dc.description.abstractBACKGROUND AND PURPOSE: Smoking and increased levels of blood pressure (BP) substantially increase the risk of cardiovascular diseases (CVD). If these 2 risk factors have a synergistic impact on cardiovascular events, lowering BP and quitting smoking will contribute more to reducing CVD than would be expected from ignoring their interaction. METHODS: Individual participant data were combined from 41 cohorts, involving 563 144 participants (82% Asian). During a median of 6.8 years follow-up, 4344 coronary heart disease (CHD) and 5906 stroke events were recorded. Repeat measures of systolic blood pressure (SBP) were used to adjust for regression dilution bias. Hazard ratios (HRs) and 95% confidence intervals (CIs) for SBP by cigarette smoking status were estimated from Cox proportional hazard models adjusted for age and stratified by study and sex. RESULTS: Data suggested a log-linear relationship between SBP and all subtypes of CVD. The HRs relating SBP to both CHD and ischemic stroke were broadly similar irrespective of smoking status (Pĝ‰¥0.1). For hemorrhagic stroke (intracerebral hemorrhage), the HRs (95% CIs) for an additional 10 mm Hg increment in SBP were 1.81 (1.73 to 1.90) for present smokers and 1.66 (1.59 to 1.73) for nonsmokers (P≤0.003). For every subtype of cardiovascular events, similar results were found for analyses involving only fatal events. CONCLUSIONS: Smoking exacerbated the impact of SBP on the risk of hemorrhagic stroke. Although quitting smoking and lowering BP are both crucial for prevention of CVD, combining the 2 could be expected to have extra beneficial effect on preventing hemorrhagic stroke. © 2008 American Heart Association, Inc.en_HK
dc.languageengen_HK
dc.publisherLippincott Williams & Wilkins. The Journal's web site is located at http://stroke.ahajournals.orgen_HK
dc.relation.ispartofStrokeen_HK
dc.rightsStroke. Copyright © Lippincott Williams & Wilkins.en_HK
dc.subject.meshAdulten_HK
dc.subject.meshAsia, Southeastern - epidemiologyen_HK
dc.subject.meshAsian Continental Ancestry Group - statistics & numerical dataen_HK
dc.subject.meshBlood Pressure - drug effects - physiologyen_HK
dc.subject.meshBrain Ischemia - epidemiology - ethnologyen_HK
dc.subject.meshCardiovascular Diseases - epidemiology - ethnologyen_HK
dc.subject.meshCerebral Hemorrhage - epidemiology - ethnologyen_HK
dc.subject.meshCohort Studiesen_HK
dc.subject.meshComorbidity - trendsen_HK
dc.subject.meshFemaleen_HK
dc.subject.meshHumansen_HK
dc.subject.meshHypertension - epidemiology - ethnologyen_HK
dc.subject.meshMaleen_HK
dc.subject.meshMiddle Ageden_HK
dc.subject.meshPacific Islands - epidemiologyen_HK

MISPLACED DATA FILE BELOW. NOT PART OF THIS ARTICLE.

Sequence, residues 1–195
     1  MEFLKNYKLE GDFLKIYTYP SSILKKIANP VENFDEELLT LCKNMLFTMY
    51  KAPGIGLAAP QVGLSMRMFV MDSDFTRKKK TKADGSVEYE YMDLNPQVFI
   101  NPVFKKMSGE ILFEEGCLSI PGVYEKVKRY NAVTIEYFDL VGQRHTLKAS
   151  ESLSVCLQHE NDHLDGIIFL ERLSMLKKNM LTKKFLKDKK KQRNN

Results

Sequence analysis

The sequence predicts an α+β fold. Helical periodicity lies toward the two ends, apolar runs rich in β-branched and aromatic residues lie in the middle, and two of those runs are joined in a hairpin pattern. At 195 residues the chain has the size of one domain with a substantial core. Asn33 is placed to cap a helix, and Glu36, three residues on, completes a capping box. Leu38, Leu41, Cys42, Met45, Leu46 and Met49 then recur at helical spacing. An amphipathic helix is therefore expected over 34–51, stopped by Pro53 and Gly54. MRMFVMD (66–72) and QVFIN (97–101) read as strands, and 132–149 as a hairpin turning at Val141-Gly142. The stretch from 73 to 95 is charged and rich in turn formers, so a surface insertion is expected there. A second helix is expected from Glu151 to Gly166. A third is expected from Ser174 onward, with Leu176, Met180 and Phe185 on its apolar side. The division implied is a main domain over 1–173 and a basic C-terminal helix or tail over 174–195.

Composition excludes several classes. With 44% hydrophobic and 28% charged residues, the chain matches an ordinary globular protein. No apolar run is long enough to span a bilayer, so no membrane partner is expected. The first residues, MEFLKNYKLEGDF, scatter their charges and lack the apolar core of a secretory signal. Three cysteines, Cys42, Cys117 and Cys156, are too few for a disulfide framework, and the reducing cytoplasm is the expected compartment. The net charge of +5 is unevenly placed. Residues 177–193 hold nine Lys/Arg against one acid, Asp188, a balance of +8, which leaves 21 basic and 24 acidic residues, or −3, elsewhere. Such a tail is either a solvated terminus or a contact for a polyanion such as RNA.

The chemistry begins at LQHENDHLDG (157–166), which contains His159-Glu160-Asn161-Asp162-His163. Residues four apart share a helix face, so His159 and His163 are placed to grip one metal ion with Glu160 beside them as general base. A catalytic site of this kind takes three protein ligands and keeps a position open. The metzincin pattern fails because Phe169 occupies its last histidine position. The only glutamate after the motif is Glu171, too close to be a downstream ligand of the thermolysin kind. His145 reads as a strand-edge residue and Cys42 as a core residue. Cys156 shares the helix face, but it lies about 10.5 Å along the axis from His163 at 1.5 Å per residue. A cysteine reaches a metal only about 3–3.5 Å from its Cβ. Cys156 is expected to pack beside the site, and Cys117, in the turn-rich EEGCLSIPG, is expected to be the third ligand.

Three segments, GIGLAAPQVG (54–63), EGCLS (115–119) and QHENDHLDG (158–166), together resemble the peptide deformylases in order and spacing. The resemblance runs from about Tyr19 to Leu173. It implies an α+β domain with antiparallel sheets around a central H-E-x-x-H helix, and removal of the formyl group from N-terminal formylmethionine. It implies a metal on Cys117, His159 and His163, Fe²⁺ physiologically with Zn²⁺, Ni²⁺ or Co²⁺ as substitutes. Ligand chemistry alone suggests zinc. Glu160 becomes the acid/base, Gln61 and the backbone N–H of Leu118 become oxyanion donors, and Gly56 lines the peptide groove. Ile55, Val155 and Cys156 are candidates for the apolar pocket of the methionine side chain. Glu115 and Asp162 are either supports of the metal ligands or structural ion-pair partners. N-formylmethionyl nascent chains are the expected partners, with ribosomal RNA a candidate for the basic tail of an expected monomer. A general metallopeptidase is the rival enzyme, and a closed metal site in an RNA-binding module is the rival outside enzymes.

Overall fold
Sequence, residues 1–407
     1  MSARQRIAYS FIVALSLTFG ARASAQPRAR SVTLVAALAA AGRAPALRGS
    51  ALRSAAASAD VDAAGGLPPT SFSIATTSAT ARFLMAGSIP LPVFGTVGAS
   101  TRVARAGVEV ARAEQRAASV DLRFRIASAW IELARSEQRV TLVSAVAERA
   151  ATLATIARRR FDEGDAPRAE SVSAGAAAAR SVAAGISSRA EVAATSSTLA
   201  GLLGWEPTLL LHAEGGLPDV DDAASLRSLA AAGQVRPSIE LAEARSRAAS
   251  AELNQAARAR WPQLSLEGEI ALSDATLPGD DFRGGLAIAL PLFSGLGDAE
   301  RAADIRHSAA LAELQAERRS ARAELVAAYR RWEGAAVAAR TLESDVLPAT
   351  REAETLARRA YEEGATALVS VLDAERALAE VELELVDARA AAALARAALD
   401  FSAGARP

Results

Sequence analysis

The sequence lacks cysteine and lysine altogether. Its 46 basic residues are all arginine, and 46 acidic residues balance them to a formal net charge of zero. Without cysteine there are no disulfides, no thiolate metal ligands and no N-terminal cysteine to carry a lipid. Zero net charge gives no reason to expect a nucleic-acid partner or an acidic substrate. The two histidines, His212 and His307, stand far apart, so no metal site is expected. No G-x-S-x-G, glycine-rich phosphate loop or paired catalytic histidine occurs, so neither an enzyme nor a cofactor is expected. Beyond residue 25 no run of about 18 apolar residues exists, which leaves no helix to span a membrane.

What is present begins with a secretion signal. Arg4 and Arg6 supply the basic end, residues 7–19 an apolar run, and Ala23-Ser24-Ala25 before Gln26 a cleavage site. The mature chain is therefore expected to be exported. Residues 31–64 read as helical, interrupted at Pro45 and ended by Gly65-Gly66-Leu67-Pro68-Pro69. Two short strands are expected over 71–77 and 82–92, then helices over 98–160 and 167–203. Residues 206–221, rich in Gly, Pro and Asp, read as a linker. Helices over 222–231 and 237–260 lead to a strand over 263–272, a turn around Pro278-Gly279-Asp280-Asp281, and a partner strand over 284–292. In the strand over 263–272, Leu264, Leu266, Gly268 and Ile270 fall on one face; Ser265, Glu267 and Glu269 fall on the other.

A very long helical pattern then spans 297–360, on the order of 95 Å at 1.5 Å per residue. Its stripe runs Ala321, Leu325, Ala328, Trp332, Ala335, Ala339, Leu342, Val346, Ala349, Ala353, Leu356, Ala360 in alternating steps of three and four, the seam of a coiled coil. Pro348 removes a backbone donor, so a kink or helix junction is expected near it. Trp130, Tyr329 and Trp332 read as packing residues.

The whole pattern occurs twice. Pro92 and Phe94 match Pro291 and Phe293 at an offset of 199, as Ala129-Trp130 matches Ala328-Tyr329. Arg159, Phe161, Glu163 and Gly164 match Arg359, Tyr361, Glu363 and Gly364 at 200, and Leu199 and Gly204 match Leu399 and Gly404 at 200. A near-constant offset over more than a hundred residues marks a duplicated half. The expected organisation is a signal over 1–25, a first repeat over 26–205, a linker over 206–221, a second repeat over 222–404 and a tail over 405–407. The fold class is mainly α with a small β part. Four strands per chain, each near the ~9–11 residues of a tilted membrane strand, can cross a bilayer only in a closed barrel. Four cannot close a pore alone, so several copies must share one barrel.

dc.subject.meshRisk Factorsen_HK
dc.subject.meshRisk Reduction Behavioren_HK
dc.subject.meshSmoking - epidemiology - ethnologyen_HK
dc.subject.meshSmoking Cessationen_HK
dc.titleCigarette smoking, systolic blood pressure, and cardiovascular diseases in the asia-pacific regionen_HK
dc.typeArticleen_HK
dc.identifier.openurlhttp://library.hku.hk:4550/resserv?sid=HKU:IR&issn=0039-2499&volume=39&issue=6&spage=1694&epage=1702&date=2008&atitle=Cigarette+smoking,+systolic+blood+pressure,+and+cardiovascular+diseases+in+the+Asia-Pacific+regionen_HK
dc.identifier.emailLam, TH:hrmrlth@hkucc.hku.hken_HK
dc.identifier.authorityLam, TH=rp00326en_HK
dc.description.naturelink_to_subscribed_fulltext-
dc.identifier.doi10.1161/STROKEAHA.107.496752en_HK
dc.identifier.pmid18323508en_HK
dc.identifier.scopuseid_2-s2.0-46249091188en_HK
dc.identifier.hkuros142642en_HK
dc.relation.referenceshttp://www.scopus.com/mlt/select.url?eid=2-s2.0-46249091188&selection=ref&src=s&origin=recordpageen_HK
dc.identifier.volume39en_HK
dc.identifier.issue6en_HK
dc.identifier.spage1694en_HK
dc.identifier.epage1702en_HK
dc.identifier.isiWOS:000256162600013-
dc.publisher.placeUnited Statesen_HK
dc.identifier.scopusauthoridNakamura, K=11139298500en_HK
dc.identifier.scopusauthoridBarzi, F=7003545543en_HK
dc.identifier.scopusauthoridLam, TH=7202522876en_HK
dc.identifier.scopusauthoridHuxley, R=6701828350en_HK
dc.identifier.scopusauthoridFeigin, VL=7005173210en_HK
dc.identifier.scopusauthoridUeshima, H=7005129002en_HK
dc.identifier.scopusauthoridWoo, J=36040369400en_HK
dc.identifier.scopusauthoridGu, D=7202151958en_HK
dc.identifier.scopusauthoridOhkubo, T=7201618716en_HK
dc.identifier.scopusauthoridLawes, CMM=6602516713en_HK
dc.identifier.scopusauthoridSuh, I=7101988200en_HK
dc.identifier.scopusauthoridWoodward, M=7102510958en_HK
dc.identifier.citeulike3140116-